Bacteria-laden microgels as autonomous three-dimensional environments for stem cell engineering

Witte, K., Rodrigo-Navarro, A. and Salmeron-Sanchez, M. (2019) Bacteria-laden microgels as autonomous three-dimensional environments for stem cell engineering. Materials Today Bio, 2, 100011. (doi: 10.1016/j.mtbio.2019.100011)

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A one-step microfluidic system is developed in this study which enables the encapsulation of stem cells and genetically engineered non-pathogenic bacteria into a so-called three-dimensional (3D) pearl lace–like microgel of alginate with high level of monodispersity and cell viability. The alginate-based microgel constitutes living materials that control stem cell differentiation in either an autonomous or heteronomous manner. The bacteria (Lactococcus lactis) encapsulated within the construct surface display adhesion fragments (III7-10 fragment of human fibronectin) for integrin binding while secreting growth factors (recombinant human bone morphogenetic protein-2) to induce osteogenic differentiation of human bone marrow–derived mesenchymal stem cells. We concentrate on interlinked pearl lace microgels that enabled us to prototype a low-cost 3D bioprinting platform with highly tunable properties.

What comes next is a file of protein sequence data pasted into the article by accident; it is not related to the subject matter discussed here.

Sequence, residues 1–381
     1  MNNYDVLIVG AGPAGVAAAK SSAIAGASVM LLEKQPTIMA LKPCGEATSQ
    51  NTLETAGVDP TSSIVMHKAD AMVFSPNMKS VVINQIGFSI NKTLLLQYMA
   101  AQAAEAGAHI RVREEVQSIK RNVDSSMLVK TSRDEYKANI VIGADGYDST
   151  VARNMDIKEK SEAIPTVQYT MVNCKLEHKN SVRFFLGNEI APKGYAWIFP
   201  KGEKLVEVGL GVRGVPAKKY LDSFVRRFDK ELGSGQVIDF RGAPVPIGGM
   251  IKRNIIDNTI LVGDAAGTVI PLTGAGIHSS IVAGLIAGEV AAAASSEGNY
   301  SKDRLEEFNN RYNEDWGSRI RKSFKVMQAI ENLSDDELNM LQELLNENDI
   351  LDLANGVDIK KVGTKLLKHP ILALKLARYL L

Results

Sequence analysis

Item Type:Articles
Glasgow Author(s) Enlighten ID:Salmeron-Sanchez, Professor Manuel and Witte, Dr Kimia and Rodrigo-Navarro, Mr Aleixandre
Authors: Witte, K., Rodrigo-Navarro, A., and Salmeron-Sanchez, M.
College/School:College of Science and Engineering > School of Engineering > Biomedical Engineering
Journal Name:Materials Today Bio
ISSN (Online):2590-0064
Published Online:18 June 2019
Copyright Holders:Copyright © 2019 The Authors
First Published:First published in Materials Today Bio 2:100011
Publisher Policy:Reproduced under a Creative Commons License

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Project CodeAward NoProject NamePrincipal InvestigatorFunder's NameFunder RefLead Dept
722061Engineering growth factor microenvironments- a new therapeutic paradigm for regenerative medicineManuel Salmeron-SanchezEngineering and Physical Sciences Research Council (EPSRC)EP/P001114/1ENG - BIOMEDICAL ENGINEERING